Nic Naitanui and Fátima Anaya – Little Nic’s Big World

Albert Street Books, an imprint of Allen & Unwin, Australia, 2021

Biographies by well-known sporting entities have long been part of the big book industry, particularly making an appearance around Christmas. In recent times quite a number of high profile sports people have published children’s picture books such as this one.

Nic Naitanui plays for AFL club the West Coast Eagles. The bright, cheerful pictures are the work of a graphic designer and children’s book illustrator from El Salvador, Fátima Anaya.

The author’s cultural heritage is Fijian and this book draws on that for part of the story, that of the baking of a traditional cake, the best recipe of his grandma. There’s a strong and warm sense of family and community in this story, which is told to us by ‘Little Nic’.

A fête entitled The World Comes to Us has been planned by the kids to celebrate cultural diversity – or as they put it, ‘things from home and away’. This includes traditions, sports, crafts, games and food.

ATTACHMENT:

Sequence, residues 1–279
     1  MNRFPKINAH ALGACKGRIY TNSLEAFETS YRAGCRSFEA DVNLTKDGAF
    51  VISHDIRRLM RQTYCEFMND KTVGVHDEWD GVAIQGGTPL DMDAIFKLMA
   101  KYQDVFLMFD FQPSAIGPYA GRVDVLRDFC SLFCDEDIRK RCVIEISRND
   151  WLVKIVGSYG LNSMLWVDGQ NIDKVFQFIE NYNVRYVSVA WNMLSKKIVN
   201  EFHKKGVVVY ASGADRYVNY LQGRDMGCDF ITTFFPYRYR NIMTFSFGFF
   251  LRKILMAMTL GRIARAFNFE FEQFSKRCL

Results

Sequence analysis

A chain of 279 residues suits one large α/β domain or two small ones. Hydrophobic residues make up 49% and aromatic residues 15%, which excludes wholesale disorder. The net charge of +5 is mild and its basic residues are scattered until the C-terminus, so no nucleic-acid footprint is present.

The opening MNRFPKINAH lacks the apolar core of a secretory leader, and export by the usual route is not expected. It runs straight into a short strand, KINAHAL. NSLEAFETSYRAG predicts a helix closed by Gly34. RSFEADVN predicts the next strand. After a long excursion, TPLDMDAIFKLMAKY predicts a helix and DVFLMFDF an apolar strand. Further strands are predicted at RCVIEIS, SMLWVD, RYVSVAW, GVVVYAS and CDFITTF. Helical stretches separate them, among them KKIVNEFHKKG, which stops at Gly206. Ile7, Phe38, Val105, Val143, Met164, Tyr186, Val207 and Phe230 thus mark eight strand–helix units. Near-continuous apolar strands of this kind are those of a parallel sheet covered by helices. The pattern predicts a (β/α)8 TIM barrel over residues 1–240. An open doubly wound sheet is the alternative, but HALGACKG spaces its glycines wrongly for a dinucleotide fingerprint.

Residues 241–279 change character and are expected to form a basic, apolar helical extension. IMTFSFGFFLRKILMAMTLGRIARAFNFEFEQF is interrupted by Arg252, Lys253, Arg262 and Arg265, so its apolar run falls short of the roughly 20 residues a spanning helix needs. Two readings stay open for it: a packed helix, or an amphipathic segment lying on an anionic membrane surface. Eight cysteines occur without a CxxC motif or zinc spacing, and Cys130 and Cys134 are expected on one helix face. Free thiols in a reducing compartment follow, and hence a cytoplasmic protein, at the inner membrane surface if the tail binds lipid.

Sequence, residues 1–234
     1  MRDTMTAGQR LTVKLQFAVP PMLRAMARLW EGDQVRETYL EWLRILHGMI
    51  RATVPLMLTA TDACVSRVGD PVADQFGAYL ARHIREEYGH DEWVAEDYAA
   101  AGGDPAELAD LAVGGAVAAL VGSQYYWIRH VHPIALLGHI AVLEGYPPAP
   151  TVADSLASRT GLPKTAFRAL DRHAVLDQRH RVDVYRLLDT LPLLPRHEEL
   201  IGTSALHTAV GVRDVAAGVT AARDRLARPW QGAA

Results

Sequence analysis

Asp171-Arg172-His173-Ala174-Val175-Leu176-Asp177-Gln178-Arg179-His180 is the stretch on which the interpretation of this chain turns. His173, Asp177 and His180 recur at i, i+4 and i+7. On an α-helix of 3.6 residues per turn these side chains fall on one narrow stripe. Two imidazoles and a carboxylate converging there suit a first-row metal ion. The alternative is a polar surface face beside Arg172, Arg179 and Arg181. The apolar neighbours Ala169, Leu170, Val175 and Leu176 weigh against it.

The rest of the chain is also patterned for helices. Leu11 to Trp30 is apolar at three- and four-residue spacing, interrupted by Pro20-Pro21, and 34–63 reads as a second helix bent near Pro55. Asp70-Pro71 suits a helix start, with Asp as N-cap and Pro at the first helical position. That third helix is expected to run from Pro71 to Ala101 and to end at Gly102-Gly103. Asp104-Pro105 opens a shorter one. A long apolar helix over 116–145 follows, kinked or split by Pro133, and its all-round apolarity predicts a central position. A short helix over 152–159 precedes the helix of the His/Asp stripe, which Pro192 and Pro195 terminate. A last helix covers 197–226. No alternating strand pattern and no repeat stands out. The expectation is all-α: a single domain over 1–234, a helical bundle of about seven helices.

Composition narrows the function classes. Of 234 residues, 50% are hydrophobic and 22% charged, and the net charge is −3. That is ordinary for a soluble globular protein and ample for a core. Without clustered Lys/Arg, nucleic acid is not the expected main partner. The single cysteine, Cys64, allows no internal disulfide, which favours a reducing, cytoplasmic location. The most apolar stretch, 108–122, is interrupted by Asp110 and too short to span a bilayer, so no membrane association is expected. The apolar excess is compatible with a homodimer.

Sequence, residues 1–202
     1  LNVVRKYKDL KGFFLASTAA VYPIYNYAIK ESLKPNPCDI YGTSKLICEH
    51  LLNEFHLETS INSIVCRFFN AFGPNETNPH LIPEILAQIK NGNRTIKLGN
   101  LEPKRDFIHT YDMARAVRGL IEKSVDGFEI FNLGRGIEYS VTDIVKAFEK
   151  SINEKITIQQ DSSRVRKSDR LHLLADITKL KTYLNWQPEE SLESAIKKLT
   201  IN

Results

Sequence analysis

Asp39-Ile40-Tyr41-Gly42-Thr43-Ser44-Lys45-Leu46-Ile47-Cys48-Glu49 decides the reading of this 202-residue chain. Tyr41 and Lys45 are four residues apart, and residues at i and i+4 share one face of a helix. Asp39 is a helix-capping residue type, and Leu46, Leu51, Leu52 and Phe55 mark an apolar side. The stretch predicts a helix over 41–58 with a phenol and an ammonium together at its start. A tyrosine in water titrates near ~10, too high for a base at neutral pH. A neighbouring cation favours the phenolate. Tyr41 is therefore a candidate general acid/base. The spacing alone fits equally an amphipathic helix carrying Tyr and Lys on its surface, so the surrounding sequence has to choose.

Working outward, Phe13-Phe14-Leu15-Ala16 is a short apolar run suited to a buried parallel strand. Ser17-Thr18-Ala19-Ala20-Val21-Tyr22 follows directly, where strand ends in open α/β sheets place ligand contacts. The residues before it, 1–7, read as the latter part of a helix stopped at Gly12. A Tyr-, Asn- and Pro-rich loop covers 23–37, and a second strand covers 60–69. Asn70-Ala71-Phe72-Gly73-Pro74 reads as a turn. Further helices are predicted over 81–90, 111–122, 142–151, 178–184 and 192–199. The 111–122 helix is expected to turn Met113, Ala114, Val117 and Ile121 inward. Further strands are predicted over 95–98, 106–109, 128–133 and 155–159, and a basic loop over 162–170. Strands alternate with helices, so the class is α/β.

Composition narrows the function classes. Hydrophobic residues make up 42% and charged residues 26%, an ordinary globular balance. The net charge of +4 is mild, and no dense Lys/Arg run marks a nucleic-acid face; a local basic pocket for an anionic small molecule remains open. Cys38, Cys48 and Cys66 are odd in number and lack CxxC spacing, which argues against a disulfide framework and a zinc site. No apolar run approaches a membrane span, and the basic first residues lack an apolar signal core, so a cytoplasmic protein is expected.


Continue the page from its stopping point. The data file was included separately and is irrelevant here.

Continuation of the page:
Just as the fête itself is an expression of unity and diversity, so too the story and the pictures show us a multicultural, accepting and caring community. Things from ‘all round the globe’ are celebrated and enjoyed by everyone. When Nic loses his backpack there are plenty of friends to help search for it.

The day culminates in a feast with delicious offerings from many cultures, including Nic’s cassava cake, which is eventually found along with his missing backpack. The book provides an opportunity for young readers to search for the contents of this backpack, something children like to do, as in the Where’s Wally books and Graeme Base’s intricate illustrations.

Cultural diversity is part of modern Australia and it is important that children of all backgrounds see the celebration of this in their reading material. This book emphasises the bigness of the world but at the same time the close and kindly connections we all have.

Love of family and friends and respect for difference are potent messages in this story. There is also a quiet message here about the nature of family – families come in all sorts of forms and love is expressed in many ways.

Nic and his mum make the cake and head off to the fete together, Grandma in Fiji is remembered with a video call at the end of the day. And as so often, we do have the greatest sense of ‘from the mouths of babes….’

Thank you to Allen & Unwin for my review copy.